Joseph has his weekly appointment for a brain scan. He prepares himself, both physically and mentally: new clothes and reminders to not answer the voices in his head out loud. As he nears the park the female voice tells him to take a cab; he resists but finally hails a car. Halfway around the park the air shimmers and the veil drops, trapping most of the people inside. By the time he gets to the mental health center only a few bots are left chasing papers that are blowing in the wind. He turns and heads into the center with the waiting scanner.

This is the beginning of a really good story, but unfortunately this tale doesn’t live up to the promise of these early scenes. The world Joseph inhabits is a mishmash of crazy, aliens and intrigue, but the reader is never sure which. This can be a decent premise if well handled; this one wasn’t and I never developed a real affinity for Joseph or a good sense for his world. I would have liked more.

 

Demonic Summoning, Ratings and Reviews by Simon Kewin (debut 7/19 and reviewed by James Hanzelka).

This collection of ratings is a summary of user’s reviews for the app Demonic Summoning. It seems the users found the app to work less well than expected, unless the instructions are followed explicitly. Even then mixed reviews seem to indicate some difficulty with making the app run properly. A few users were cut off mid review, indicating the software may contain discontinuities of a critical nature. Still the developer does ensure that these issues will be corrected and encourages prospective users to give it a try. I will report on our success as soon as I can locate my researcher.

This is a very cleverly done little ditty done as a collection of user reviews of software for summoning demons. The author has done a good job of leading us along with the path from negative reviews, to positive reviews, to downright scary results. A nicely done ending caps the thing off. It may not be your cup of tea, but I enjoyed it immensely.

 

An enticing invitation to an unknown destination tempts an overworked student in Breaking Orbit by Rachael Acks (debut 7/23 and reviewed by Frank D). A dragon rolls up to the platform in place of Ayako’s usual train. It tells Ayako to jump on, but the wary student hesitates. A homeless man warns Ayako that the dragon will stop coming if she keeps refusing, but what good can come from pursuing a whim?

“Breaking Orbit” is a tale of choices. The dragon represents the sum of Ayako’s dreams. She has responsibilities with her education. Would it be wise to turn her back on them? The tale is a good metaphor for all who weigh of pursuing frivolity against boring practicality.

 

A time traveler helps a boy face his bullies in Sticks and Stones by Kevin Pickett (debut 7/24 and reviewed by Frank D). The protagonist stands next to a small child who is about to pummeled by four larger and meaner boys. The cloaked guardian has a way of evening the odds for the child who will grow up to do great things.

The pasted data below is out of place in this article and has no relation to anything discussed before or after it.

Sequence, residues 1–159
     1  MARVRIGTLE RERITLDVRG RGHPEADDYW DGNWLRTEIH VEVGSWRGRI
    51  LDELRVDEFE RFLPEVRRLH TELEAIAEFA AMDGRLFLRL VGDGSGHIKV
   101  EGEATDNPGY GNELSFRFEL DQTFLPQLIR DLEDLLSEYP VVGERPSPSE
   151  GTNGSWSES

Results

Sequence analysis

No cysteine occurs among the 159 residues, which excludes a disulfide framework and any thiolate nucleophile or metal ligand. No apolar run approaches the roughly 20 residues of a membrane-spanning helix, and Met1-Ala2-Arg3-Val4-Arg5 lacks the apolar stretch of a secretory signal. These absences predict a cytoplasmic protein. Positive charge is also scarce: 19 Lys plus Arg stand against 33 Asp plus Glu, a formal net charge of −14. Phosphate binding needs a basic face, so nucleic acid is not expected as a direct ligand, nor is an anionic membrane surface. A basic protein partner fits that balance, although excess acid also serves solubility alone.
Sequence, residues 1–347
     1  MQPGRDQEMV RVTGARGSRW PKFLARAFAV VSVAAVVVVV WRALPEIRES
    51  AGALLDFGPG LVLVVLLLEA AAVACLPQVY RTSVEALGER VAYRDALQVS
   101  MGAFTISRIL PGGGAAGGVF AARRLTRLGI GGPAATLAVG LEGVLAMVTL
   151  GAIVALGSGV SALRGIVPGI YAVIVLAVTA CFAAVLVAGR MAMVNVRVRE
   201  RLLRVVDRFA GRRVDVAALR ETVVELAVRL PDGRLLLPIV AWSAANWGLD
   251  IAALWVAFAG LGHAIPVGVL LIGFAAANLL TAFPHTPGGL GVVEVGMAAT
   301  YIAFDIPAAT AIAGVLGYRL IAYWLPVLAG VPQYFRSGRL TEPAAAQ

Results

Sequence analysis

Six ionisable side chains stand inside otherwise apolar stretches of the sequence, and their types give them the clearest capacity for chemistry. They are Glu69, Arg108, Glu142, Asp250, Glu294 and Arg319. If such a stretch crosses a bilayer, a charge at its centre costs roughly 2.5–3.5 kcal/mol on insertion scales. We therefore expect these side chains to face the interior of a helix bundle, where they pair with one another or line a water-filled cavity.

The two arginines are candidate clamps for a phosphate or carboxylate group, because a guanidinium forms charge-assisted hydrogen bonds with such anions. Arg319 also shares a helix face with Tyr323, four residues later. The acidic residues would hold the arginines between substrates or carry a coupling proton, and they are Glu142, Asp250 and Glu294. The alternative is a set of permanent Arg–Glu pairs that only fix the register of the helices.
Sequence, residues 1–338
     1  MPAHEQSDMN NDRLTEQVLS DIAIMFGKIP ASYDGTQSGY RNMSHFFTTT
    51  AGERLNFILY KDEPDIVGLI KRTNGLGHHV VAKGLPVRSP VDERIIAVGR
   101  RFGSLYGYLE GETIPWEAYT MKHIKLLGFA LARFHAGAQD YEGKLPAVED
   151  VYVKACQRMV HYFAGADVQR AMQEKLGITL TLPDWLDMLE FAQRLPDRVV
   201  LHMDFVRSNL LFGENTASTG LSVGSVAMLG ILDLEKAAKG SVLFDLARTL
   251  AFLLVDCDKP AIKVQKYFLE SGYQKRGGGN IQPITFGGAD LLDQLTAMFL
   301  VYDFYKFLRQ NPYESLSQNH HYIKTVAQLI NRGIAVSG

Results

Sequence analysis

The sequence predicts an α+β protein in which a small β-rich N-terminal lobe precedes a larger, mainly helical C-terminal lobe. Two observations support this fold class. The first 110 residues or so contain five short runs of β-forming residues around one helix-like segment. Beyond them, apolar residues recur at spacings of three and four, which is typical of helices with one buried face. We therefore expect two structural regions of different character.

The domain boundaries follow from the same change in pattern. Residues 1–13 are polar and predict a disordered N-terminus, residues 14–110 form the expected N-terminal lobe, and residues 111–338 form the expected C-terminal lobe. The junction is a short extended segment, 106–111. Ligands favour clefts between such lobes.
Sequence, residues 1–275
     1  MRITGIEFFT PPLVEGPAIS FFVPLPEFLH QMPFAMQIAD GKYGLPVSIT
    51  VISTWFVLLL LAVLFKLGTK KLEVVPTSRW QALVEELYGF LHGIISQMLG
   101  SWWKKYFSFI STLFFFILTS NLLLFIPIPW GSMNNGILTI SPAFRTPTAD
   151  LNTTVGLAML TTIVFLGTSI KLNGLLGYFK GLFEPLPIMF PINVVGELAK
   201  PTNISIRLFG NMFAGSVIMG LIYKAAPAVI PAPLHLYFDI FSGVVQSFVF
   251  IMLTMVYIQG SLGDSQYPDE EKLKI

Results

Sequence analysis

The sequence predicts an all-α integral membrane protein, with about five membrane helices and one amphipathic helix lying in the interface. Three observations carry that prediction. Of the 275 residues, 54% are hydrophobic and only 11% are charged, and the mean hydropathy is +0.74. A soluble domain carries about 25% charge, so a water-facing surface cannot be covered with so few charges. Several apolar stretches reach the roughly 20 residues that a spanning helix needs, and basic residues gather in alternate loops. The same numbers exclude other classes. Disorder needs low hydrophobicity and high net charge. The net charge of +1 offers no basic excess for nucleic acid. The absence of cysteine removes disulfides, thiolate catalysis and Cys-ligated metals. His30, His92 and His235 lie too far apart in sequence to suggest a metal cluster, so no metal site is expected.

Not a bad time traveling tale. Didn’t catch the subtle twist until my second read.

 

Squeak by Emma Osbourne (debut 7/25 and reviewed by Frank D). Keesa wanted to be a lion, but instead becomes a mouse when her time for transformation arrives. She doesn’t understand why the gods refused her wish, until the hunters arrive.

Squeak is a story of faith. The protagonist learns why our prayers are sometimes ignored and how a curse can be a blessing in disguise. A good short tale.

 

By The Hands of Juan Peron by Eric James Stone (debut 7/26 and reviewed by Frank D).

Tomas Peron is summoned by his father, Juan Peron , Emperor of Latin America. The Emperor informs his Catholic priest son that he will be the next person in line to the throne. Tomas does not approve of his father’s heavy hand, nor does he like the Emperor’s treatment of the church, but Juan has trump card that can change Tomas’s mind. God exists, and he can prove it.

“By The Hands” is an alternative history tale involving the late Juan Peron of Argentina. His nation is the dominant nation of Earth in this timeline. Their technological superiority was made possible thanks to a crashed saucer and surviving alien in 1947. The Argentinian timeline is one of five diversions from a common historical thread marked by the dropping of the atomic bombs in World War II. The surviving alien, named Angelica, has said the multiple timelines are made possible by design and is watched over by the Prime Observer. The Observer decides which timeline is worthy to pursue and is usually determined by a major event that gathers His attention. The Argentinians have used the alien technology to keep tabs on the other timelines. Juan knows God (or Prime Observer) will erase all but one line, and he has a plan to make sure the Argentinian line that will be the one that must survive. So when one alternative timeline has discover the means to travel to other lines, Juan decides to execute a plan that will attract the attention of God so He will show favor on his world , a plan that will involve the death of millions.